Pope Benedict, who's beginning a tour of Africa, has released a statement saying that condoms will not solve the HIV/AIDS problem. In fact, he says condoms would only make matters worse. Pope Benedict, like his predecessor Pope John Paul II, promotes abstinence.
The pontiff's comments have brought strong and sometimes angry reaction from some health agencies and advocacy groups. One of the organizations that's critical of the pope's comments is the Treatment Action Campaign (TAC), one of South Africa's leading HIV/AIDS advocacy groups. Rebecca Hodesis the TAC's director of policy communication and research. From Cape Town, she spoke to VOA English to Africa Service reporter Joe De Capua about Pope Benedict's position on condom use.
"Our reaction is one of anger and sadness because we know working in Africa for over ten years in treating and preventing HIV from the Treatment and Action Campaign's perspective that condoms are one of the very few evidence-based means of preventing HIV," she says.
She says relying on abstinence to stop the spread of HIV is unrealistic. "Abstinence-only prevention campaigns have very little evidence to support their efficacy…. So what the pope says actually flies in the face of empirical, scientific evidence with regards to the efficacy of condoms in preventing HIV," says Hodes.
She also rejects arguments that condoms only encourage people to have more sex, saying, "There's very little evidence of that. It's just hearsay."
The strong reaction from TAC reflects concern about how the pope's comments might affect prevention campaigns in South Africa and elsewhere.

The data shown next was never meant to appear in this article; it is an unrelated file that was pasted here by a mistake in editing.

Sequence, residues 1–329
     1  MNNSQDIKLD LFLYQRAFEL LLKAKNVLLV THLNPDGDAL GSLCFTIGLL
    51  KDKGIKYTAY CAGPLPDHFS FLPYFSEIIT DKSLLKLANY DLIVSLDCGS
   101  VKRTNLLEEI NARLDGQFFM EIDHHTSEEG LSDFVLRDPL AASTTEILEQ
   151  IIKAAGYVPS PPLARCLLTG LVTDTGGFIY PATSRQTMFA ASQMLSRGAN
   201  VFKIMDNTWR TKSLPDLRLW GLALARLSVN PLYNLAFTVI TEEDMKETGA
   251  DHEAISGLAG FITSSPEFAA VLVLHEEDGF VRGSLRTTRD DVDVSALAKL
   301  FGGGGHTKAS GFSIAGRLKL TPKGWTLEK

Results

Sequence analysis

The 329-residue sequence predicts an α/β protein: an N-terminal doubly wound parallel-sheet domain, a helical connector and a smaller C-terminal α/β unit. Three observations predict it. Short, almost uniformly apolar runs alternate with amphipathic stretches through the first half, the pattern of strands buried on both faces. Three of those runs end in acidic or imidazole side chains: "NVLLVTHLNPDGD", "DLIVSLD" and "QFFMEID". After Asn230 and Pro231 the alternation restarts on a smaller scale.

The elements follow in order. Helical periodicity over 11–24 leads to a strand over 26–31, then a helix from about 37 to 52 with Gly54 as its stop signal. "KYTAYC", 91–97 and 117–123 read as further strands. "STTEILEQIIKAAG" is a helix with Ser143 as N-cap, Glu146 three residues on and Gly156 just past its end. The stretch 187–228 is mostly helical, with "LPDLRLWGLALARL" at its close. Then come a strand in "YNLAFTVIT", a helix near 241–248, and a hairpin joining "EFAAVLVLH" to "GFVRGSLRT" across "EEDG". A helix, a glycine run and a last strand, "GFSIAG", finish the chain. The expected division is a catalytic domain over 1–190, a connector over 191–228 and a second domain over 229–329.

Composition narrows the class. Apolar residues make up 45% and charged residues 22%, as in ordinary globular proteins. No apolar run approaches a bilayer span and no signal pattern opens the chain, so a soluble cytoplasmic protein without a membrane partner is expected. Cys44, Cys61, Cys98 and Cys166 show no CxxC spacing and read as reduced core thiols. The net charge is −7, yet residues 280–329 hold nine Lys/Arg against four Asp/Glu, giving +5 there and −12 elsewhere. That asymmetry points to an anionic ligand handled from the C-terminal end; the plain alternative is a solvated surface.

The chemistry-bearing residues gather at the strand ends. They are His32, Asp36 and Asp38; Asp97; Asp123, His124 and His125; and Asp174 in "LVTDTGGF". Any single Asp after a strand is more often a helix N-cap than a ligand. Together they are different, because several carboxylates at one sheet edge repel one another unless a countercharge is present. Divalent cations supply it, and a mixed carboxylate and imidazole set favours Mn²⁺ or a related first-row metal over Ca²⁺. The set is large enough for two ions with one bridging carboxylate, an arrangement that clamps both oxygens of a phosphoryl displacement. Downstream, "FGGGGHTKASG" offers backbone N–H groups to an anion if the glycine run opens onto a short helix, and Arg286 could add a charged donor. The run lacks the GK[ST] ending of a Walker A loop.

Hodes says the "pope is a very influential figure. He has about a billion followers worldwide. It's important that our reaction is strong because we're an independent organization. We can speak out," she says. Hodes says other organizations having religious affiliations may not be able to voice their concerns as readily. But TAC itself has been the target of criticism for rejecting the pope's statement on condom use.
"We've received an onslaught of hate mail this morning from people who obviously have very strong religious convictions. But we have very strong scientific convictions and we know that condoms work in preventing HIV," she says. Hodes says there are more than 1,000 new HIV infections in South Africa every day. "This is despite massive amounts of money being spent on education campaigns which promote abstinence…. They first promote abstinence, then they promote being faithful and then they promote condom use. It's called the ABC campaign: abstain, be faithful, condomize," she says.
Hodes says because a lot of sex is coerced in Africa, abstinence is not always possible. She gives an example of the demand for condoms in just one area of South Africa.
"In a very poor area here in Cape Town, we have a person called the Condom King. He hands out upwards of 500,000 condoms a month and he also gives HIV awareness education. And he gives information how best to use the condoms. And the evidence that we have found there, based on a study with Doctors Without Borders, is that because of this concerted education campaign around condoms, together with the condom access, there's actually been a decrease in sexually transmitted infections in Khayelitsha. That is quite remarkable in an area which is very poor, where people have a lot of sexually transmitted infections and have a lot of transactional sex," she says.
Khayelitsha is a large township on the outskirts of Cape Town.
She adds, "People want condoms. They want to protect themselves. They want to protect others and they want appropriate, clear information about the best means for using condoms."
Pope Benedict is quoted as saying the HIV/AIDS epidemic is a "tragedy that cannot be overcome by money alone, that cannot be overcome through the distribution of condoms, which even aggravates the problems."